• Download

John 11 – Rising from the Dead

Stonebrook Community Church https://www.stonebrook.org

Gospel of John: Life in Jesus’ Name
John 11 Rising from the Dead

I was ten years old when my 35-year old father went to the University of Iowa hospital with cancer. Melanoma. About a month later, my older sister Kathy and I were staying with my grandparents since Mom was with Dad in Iowa City. And one evening they sat us down in their den, and Grandpa John said with a sober voice, “Your dad might die.”
I think I cried, but I don’t remember anything else he said or I said.

Then a few weeks later on Wednesday morning, February 25th, while still staying with my grandparents I was getting ready for school. I remember I was buttoning my shirt in my grandparents’ den, when my Aunt Bev walked into the room and told me with her kind, quiet voice: “Your dad died this morning.” She hugged me tenderly, and I cried and cried.

Is there any worse news in life than death?

Death is so final. There is no coming back. When those we love die, it’s over. Final. They are gone. Their bodies are still there, but there soul is gone. And they are not coming back. They are not coming back.

Death is a ferocious enemy. Who can defeat it?

We are in a sermon series this Fall reading through the Gospel story of Jesus Christ, written by his close disciple and friend, John. The title of our series is, “Life in Jesus’ Name.” This book of John’s is about life. Real life. Eternal life. Life after death. Rising from the dead to never die again.

In today’s passage, Chapter 11, we are going to read a story where Jesus Christ, by his mighty power, actually brought a dead man back to life.

If you are a skeptic about Christianity, you may be tempted to scoff at such a miracle. Would you read with me this morning with an open mind? To simply consider the possibility that this story is true?

If you are a believer in Jesus Christ, your faith can be strengthened by this story. Your hope for a better life—a life beyond the grave—can be increased. Your fear of death can diminish.

John 11

While you’re turning there, I’ll mention that my name is Brad, one of the pastors here. I’ve been a member of Stonebrook for nearly 40 years, since my sophomore year at Iowa State.
And about 15 years later I was ordained as a pastor here. We train our pastors within the church for ministry.
After ordination, I continued to work as a civil engineer, working part time as a pastor along with two other full time pastors. Then after 5 years, I was able to go on staff full time. That was 19 years ago.
That’s a very brief bio. If you’re curious about any of that, ask me more after the service.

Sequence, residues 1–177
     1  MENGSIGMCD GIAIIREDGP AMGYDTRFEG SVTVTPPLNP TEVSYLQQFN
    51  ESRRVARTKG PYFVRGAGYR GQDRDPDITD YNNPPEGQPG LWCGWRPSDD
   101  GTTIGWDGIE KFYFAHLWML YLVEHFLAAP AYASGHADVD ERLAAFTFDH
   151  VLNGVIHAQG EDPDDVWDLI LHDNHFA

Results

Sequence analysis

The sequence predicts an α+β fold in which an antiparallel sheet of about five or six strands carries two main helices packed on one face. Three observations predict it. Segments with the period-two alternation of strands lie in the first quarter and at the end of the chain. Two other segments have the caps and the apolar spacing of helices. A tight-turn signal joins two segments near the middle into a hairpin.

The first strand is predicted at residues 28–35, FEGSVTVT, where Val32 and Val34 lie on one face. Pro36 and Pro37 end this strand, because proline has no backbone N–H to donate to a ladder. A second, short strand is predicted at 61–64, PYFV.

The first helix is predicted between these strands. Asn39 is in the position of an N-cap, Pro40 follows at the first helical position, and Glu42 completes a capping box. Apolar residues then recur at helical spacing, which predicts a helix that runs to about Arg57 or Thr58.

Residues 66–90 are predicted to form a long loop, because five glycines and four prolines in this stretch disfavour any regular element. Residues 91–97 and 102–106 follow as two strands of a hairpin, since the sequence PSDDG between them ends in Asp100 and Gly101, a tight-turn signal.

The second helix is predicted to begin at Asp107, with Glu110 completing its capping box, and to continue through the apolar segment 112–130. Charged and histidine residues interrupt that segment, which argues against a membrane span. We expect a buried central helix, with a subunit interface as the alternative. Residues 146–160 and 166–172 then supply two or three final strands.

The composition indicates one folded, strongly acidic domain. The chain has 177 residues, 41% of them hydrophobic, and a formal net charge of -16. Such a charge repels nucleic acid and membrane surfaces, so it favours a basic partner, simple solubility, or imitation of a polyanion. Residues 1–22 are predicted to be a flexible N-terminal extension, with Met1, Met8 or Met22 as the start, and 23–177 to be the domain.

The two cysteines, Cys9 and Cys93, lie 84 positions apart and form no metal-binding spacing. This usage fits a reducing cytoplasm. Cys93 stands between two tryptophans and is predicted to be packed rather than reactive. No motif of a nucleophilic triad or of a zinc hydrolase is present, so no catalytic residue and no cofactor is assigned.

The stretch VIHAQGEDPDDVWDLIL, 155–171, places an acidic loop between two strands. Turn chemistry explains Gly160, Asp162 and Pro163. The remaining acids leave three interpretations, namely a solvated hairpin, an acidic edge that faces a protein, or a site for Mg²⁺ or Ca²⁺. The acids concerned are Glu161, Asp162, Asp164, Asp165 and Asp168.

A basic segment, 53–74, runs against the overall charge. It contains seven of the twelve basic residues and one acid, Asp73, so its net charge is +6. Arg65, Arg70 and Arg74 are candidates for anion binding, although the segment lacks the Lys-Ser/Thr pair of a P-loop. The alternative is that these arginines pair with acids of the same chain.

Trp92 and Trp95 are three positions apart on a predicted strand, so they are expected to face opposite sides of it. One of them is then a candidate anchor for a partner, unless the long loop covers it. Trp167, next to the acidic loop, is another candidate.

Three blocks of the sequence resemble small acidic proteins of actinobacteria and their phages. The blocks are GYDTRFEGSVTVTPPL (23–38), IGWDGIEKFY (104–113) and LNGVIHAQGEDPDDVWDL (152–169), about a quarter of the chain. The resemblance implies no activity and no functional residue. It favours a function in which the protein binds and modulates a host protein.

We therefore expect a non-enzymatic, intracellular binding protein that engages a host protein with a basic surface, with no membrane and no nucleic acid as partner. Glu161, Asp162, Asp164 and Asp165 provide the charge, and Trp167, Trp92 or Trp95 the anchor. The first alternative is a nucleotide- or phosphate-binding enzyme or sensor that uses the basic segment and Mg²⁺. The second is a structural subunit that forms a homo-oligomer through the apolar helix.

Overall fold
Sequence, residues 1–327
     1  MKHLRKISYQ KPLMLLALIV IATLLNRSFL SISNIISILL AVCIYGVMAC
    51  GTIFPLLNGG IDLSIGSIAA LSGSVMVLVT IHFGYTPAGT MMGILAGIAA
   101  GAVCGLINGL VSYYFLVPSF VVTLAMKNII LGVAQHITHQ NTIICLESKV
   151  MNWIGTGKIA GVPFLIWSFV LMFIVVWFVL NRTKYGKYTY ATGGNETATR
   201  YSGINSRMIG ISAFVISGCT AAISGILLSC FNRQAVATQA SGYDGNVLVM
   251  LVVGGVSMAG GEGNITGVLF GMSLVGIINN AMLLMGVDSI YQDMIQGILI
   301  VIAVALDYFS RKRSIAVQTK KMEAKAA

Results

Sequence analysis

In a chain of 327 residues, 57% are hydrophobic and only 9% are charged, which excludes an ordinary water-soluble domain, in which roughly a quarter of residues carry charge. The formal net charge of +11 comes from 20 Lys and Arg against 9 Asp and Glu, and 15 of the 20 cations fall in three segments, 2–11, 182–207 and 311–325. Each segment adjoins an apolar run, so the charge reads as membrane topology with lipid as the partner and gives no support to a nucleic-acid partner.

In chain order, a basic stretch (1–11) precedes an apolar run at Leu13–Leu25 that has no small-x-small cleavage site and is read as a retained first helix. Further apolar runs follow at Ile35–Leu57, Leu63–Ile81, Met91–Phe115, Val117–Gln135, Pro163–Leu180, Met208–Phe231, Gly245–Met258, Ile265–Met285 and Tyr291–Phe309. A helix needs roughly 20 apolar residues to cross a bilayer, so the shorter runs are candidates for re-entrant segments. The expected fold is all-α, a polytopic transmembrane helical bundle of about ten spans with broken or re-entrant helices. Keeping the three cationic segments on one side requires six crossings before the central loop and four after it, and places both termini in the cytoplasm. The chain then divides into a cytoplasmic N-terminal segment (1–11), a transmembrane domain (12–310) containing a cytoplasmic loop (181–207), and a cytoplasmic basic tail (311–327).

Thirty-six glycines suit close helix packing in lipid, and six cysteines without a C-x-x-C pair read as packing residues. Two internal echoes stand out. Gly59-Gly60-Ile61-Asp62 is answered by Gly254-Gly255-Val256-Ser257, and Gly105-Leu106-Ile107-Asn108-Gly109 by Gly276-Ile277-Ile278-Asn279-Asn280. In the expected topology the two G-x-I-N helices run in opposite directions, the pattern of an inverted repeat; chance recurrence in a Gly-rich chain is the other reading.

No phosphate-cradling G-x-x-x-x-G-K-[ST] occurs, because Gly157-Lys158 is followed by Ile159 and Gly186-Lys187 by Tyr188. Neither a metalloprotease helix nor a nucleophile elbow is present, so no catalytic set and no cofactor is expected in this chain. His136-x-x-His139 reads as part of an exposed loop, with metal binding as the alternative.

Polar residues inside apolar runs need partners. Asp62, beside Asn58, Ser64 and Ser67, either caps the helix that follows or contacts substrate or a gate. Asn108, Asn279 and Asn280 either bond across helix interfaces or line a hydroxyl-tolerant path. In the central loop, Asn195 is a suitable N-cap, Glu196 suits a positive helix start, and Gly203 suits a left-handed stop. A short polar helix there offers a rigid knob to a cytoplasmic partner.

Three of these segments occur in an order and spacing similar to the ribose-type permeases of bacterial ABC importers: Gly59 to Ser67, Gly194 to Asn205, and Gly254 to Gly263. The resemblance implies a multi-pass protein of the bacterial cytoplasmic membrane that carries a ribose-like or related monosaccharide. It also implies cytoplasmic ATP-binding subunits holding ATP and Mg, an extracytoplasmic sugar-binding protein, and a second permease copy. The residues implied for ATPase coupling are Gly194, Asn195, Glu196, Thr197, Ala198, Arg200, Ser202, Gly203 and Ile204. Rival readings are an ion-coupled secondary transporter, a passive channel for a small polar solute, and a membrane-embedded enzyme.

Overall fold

Let’s begin reading John 11.
What we are about to read is a remarkable story.

John 11 (ESV)
Vs. 1-6
1 Now a certain man was ill, Lazarus of Bethany, the village of Mary and her sister Martha.
2 It was Mary who anointed the Lord with ointment and wiped his feet with her hair, whose brother Lazarus was ill.

Three siblings: Lazarus, the brother who was quite ill. And two sisters: Martha and Mary.

3 So the sisters sent to him, saying, “Lord, he whom you love is ill.”
4 But when Jesus heard it he said, “This illness does not lead to death. It is for the glory of God, so that the Son of God may be glorified through it.”

Though the sisters actually make no request of Jesus, such as, “Come quickly and heal him,” the request seems implied. They send a simple message: “the one you love is ill.”

5 Now Jesus loved Martha and her sister and Lazarus.
6 So, when he heard that Lazarus was ill, he stayed two days longer in the place where he was.

Wait. Did you catch this? Jesus loves these three siblings. It’s important to note how John points this out. That is quite touching. But then we might be shocked by vs. 6: “When he heard that Lazarus was ill, he stayed where he was two more days.”

These sisters know that Jesus, the Son of God, has the power to heal to their brother. And he loves them. So of course, the only loving thing to do would be to go immediately… immediately… to Bethany to heal Lazarus. In fact, Jesus had the power to heal Lazarus from a distance by merely speaking a word. But he stays two more days and apparently takes no action to relieve the suffering of the family.

How could this be? Doesn’t that seem UN-loving? Uncaring? Even calloused?

As an aside for a minute: It is normal human response, in the face of suffering to wonder, “Where is God? Where is he? Is he good? Does he love me?” Those are normal human responses that at some point in our lives, every one of us will ask.
While the topic of Pain and Suffering and the Goodness of God is not the main point of the passage today, let me say this:

In the years to come, as each of us wrestles with the topic of Pain and Suffering and the Love of God, we have to read the rest of this story. And I don’t mean just Chapter 11, but the rest of John. The story of Jesus’ suffering in death and his resurrection. For it is this story that SHOUTS to us—that demonstrates to us– the love of God, even as we are suffering. Jesus’ story will help re-orient us.

But back to our story today, Jesus indeed loves these people. The short answer is that he has a higher purpose for staying two days longer.

Let’s continue reading.
Vs. 7-10
7 Then after this he said to the disciples, “Let us go to Judea again.”
8 The disciples said to him, “Rabbi, the Jews were just now seeking to stone you, and are you going there again?”